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Latin for Duolingo: Adjectives, Lesson 2

Welcome back to Latin for Duolingo! We are continuing adjectives with the 3rd declension forms this week. If you’re just joining us and want to catch up, here are the links you will need:
- Directory of Lessons
- Vocabulary List
- Memrise course
- Previous lesson: Adjectives 1

New Grammar
Adjectives of the 3rd declension are declined like nouns of the 3rd declension, with a few important exceptions. There is usually no distinction between masculine and feminine, so usually the dictionary listings are for m/f and neuter nominative. (Dictionaries will list m,f,n if there are 3 different forms, and in this case the stem comes from the nom. f. They will list nominative followed by genitive if there is only one nominative form). Third declension adjectives always have the i-stem in the genitive plural, and neuters have i-stems in the nominative and accusative plural. And the ablative singular ending is –i instead of –e. Formatting is difficult for me on Duo, but here's my attempt at a chart:

singular (m/f, n) | plural (m/f, n)
gravis, grave | graves, gravia
gravis, gravis | gravium, gravium
gravi, gravi | gravibus, gravibus
gravem, grave | graves, gravia
gravi, gravi | gravibus, gravibus

Here is a good reference site for 3rd declension adjectives.
Another thing to remember about adjectives (of any type) is that sometimes they are used substantively, that is, taking the place of a noun. We do this in English (The Good, the Bad, and the Ugly) but not nearly as often as in Latin. It will frequently make a big difference if the adjective is m/f (omnes – everyone, all people) or n. (omnia = everything, all things).

Adjectives (3rd declension)
brevis, e = short
difficilis, e = difficult
dulcis, e = sweet
facilis, e = easy
felix, felicis (one form in nom. s.) = happy, lucky, fortunate
fortis, e = strong, brave
gravis, e = heavy, serious, severe
juvenis, e = young
omnis, e = every, all
senex, senis (one form in nom. s.)= old, aged; an old man or woman
similis, e = like, similar (used with gen. or dat. case to complete the meaning)
tristis, e = sad

New Sentences

Arca est gravis. = The box is heavy.
Marcus est brevis, sed Gaius est altus. = Marcus is short, but Gaius is tall.
Aranea est felix, sed musca est tristis. = The spider is happy, but the fly is sad.
Proelium est longum et difficile. = The battle is long and difficult.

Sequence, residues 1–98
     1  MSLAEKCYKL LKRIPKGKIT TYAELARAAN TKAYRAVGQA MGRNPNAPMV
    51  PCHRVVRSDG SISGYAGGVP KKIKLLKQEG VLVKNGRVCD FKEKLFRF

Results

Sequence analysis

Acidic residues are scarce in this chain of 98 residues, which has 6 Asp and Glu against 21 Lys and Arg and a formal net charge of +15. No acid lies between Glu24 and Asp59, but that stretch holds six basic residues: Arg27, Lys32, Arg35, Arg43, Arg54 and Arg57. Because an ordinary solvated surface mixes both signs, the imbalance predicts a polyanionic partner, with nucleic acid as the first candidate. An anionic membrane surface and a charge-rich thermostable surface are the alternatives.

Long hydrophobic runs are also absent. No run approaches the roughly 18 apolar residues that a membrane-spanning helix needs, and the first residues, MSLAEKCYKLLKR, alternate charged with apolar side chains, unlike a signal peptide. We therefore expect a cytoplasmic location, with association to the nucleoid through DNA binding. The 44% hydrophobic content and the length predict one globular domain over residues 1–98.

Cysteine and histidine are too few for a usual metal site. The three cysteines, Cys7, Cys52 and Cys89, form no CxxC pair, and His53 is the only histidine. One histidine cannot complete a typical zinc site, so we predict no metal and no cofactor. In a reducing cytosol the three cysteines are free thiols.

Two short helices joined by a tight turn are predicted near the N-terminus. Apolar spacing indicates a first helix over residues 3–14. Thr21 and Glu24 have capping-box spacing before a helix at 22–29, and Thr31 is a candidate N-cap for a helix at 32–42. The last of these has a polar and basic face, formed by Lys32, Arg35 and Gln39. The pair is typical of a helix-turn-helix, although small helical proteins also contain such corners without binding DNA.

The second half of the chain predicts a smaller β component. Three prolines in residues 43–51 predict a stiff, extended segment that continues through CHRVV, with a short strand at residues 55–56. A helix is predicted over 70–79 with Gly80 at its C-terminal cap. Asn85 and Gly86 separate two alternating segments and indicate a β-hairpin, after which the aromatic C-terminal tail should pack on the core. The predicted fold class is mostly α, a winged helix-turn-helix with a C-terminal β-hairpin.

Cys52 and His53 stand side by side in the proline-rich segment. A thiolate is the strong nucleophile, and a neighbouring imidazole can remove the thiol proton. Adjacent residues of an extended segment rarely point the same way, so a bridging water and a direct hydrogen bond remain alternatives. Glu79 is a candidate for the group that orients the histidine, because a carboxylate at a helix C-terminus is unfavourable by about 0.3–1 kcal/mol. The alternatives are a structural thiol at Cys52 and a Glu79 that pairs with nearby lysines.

Via est longa et difficilis. = The road is long and difficult.
Lucia in viā longā et difficili ambulat. = Lucia walks on the long and difficult road.
In gravi periculo sumus! = We are in serious danger!
Senex multos nepotes juvenes habet. = The old man has many young grandchildren.
Uxores nautarum felicium mulieres fortes sunt. = The wives of the happy sailors are strong women.
Omnia amo. = I like/ love everything.
Omnes amo. = I like/ love everyone.
Omnia sunt bona. = Everything is good (lit. All things are good).
Omnes in horto laborant. = Everyone is working in the garden (lit. All people are working in the garden).
Pueri juvenes tristes sunt quod dulciola non sunt dulcia. = The young boys are sad because the candies are not sweet.
Mater librum felicem pueris tristibus legit. = Mother reads a happy book to the sad boys.
Virtus militum fortium est magna. = The courage of the brave soldiers is great.
Filius est similis patris (patri). = The son is like the father.
Filii similes patrum (patribus) sunt. = Sons are like fathers.
Amici mei similes familiae sunt. = My friends are like a family.
Paula librum tristem legit. = Paula reads a sad book.
Discipuli libros de omnibus legunt. = The students read books about everything.
Schola non est facilis. = School is not easy.
Senes et juvenes librum bonum amant. = Old and young people love a good book.
Soror mea ovem juvenem in difficilibus montibus videt. = My sister sees a young sheep in the difficult mountains.
Post mortem tristem matris meae, pater meus uxorem novam habet. = After the sad death of my mother, my father has a new wife.
Amor omnia vincit. = Love conquers all.
Fortes fortuna juvat. = Fortune favors the brave.

Now that we have a wide variety of adjectives and nouns, I think the next lesson should be more systematic study of present tense verbs. If you have comments or questions please feel free to add them below, or contact me on my home stream. I will try to respond to them. I am really enjoying coming up with sentences and hope you are enjoying exploring Latin as well.


October 14, 2015



It would be good to see latin here, I've already learnt it at school but...well...


Gratias tibi ago magistra- ego valde laetus cum ludā tua sum!

Sed questionem de sententiā habeo "Amici mei sunt similes familiae sunt"

Cur haec sententia duos 'sunt' habere debet?


Mea culpa! Tibi gratias ago pro nuntio. Corrigendum est.

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